You can’t have it both ways. Either our regulatory system is fit for purpose, or it is not.
After all, do you mean to say that organo-phosphates,
which are allowed by our regulatory system (and not having gone through a rigorous
re-assessment) might be more dangerous than neonics, whose: a) entry onto the
market coincides with substantial honey bee colony losses, b) was supported by
questionable regulatory standards, and c) whose own marketing literature &
patents claim efficacy against Lepidoptera (moths & butterflies) Vespa
(wasps) and super organisms such as termite colonies?
But don't get me wrong, I'm not defending organophospates, and if they are more dangerous for bees than neonics, then I recommend they are banned immediately. I would happily see a reassessment of these chemicals too.
But we could also start helping farmers by giving them independent information regarding pest levels, and the need (or not) to apply insecticides in the first place. Farmers could save a huge amount of money. For example, research by ADAS (again, hardly a ‘green lobby’ group!) shows that for many years, farmers unquestioningly applied insecticide for pollen beetle when levels of infestation did not justify it.
When you consider this fact, and the very low levels of oil seed rape crop loss, you really begin to wonder whether farmers are best served by agronomists (50% of whom are on commission courtesy of the agri-industry).
Whether this is true or not, nothing you have stated in this misinformed
piece, substantiates the idea that neonics should not be banned.
However, my take on it is that the EU is a haven for big corporate lobbyists, and it looks like agri-business is about the biggest lobby group: http://corporateeurope.org/pressreleases/2014/07/agribusiness-biggest-lobbyist-eu-us-trade-deal-new-research-reveals
No, I am an EU sceptic these days and like him, I would vote to leave the EU tomorrow, but Mr Paterson decided not to be well-informed on this issue.
Certainly he failed to answer the questions submitted to him by my MP and others, and failed to address and support the valid concerns of the UK EAC inquiry into this matter.
It is very important that regulation keeps pace with developments in industry, whatever the sector.
Is it moving to areas where the agro-chemical industry can escape proper regulation, and possibly hope to get back into the EU via TTIP?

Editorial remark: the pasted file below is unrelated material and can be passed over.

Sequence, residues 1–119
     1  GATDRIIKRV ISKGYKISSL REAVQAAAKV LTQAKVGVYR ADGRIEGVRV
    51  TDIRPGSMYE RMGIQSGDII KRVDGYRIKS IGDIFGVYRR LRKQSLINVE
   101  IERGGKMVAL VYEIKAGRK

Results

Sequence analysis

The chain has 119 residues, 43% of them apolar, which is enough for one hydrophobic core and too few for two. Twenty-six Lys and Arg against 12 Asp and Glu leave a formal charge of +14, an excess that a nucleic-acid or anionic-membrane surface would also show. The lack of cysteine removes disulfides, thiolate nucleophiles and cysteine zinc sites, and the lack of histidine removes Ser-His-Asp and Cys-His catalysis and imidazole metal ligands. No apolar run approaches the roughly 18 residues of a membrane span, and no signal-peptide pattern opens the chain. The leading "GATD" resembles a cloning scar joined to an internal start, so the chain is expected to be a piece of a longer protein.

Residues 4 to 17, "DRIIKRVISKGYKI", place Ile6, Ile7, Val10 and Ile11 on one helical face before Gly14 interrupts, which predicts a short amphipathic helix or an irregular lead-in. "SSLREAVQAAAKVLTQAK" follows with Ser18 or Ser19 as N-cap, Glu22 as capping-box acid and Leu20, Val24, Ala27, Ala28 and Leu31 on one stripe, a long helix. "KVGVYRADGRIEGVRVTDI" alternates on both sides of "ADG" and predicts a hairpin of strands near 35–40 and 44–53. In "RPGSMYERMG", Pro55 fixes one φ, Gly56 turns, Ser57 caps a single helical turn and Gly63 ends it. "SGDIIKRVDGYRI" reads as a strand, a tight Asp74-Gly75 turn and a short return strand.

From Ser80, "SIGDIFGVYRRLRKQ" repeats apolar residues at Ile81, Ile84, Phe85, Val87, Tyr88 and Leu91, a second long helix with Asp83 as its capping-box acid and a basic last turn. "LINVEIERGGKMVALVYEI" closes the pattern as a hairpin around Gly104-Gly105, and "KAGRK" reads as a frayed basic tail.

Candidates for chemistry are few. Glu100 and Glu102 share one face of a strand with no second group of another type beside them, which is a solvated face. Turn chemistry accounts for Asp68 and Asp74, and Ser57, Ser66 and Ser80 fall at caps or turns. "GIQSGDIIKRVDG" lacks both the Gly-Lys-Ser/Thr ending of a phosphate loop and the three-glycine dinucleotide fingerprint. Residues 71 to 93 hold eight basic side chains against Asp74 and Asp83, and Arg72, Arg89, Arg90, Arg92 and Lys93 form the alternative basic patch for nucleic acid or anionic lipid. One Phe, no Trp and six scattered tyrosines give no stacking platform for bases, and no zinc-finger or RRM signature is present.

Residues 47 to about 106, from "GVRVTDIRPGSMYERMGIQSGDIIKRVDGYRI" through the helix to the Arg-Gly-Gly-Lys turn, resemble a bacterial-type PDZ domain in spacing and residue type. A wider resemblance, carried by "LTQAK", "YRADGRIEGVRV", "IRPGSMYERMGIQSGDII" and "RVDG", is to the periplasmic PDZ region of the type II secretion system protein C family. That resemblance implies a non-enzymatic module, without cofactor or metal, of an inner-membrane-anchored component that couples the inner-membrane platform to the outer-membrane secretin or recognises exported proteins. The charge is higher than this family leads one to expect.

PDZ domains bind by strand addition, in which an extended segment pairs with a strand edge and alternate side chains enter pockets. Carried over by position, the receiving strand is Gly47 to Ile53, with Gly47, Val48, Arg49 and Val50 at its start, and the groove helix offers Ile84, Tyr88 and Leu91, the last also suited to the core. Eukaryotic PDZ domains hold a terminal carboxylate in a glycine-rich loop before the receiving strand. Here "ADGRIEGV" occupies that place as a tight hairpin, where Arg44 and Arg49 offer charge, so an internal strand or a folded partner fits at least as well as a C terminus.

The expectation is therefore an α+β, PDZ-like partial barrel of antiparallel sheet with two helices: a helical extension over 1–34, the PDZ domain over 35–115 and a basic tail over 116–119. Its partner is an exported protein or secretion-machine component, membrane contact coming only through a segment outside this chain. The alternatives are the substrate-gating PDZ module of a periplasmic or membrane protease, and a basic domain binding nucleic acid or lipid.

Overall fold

Personally, I am in favour of less toxic methods of protecting our crops. Actually, there are small companies innovating in this area, whereas poor regulation does little to encourage those with big budgets to really innovate to provide better solutions to our problems.
I have grave concerns about UK membership of the EU. Fish stocks, corruption, loss of sovereignty are all a real concern to me.
I believe the EU has failed bees, because despite all the evidence, a full ban was not forthcoming. I also think that a UK ban on neonics would have been possible by now, because it would have been proposed by the UK Inquiry, and probably voted on – and we might just have got the ban through.
However, Dutch MPs voted unanimously to ban neonics, but felt they could not go beyond the EU moratorium. I wonder if the Dutch government would have faced legal action from the Agrochemicals industry had it done so.
In the meantime, I would like farmers to be given better, independent information about ‘pest threats’ to prevent them being stitched up by agri-chemicals (a cost they must then pass on to consumers) and have a stronger regulatory system in Britain.
Whilst I am disappointed that Liz Truss has recently agreed to allow neonics to be used on 5% of crops in England, I note she has felt unable to cede to the demands of the NFU and agri-chemicals to overturn the moratorium completely, despite the pressure I'm sure she must have come up against. However, I think that ensuring farmers only applied chemicals in response to real threat, would go a long way in helping farmers and the environment, because it would demonstrate the truth, thus freeing them from profiteering and scaremongering opportunists who would have them unnecessarily apply poisons to their land, and at great cost.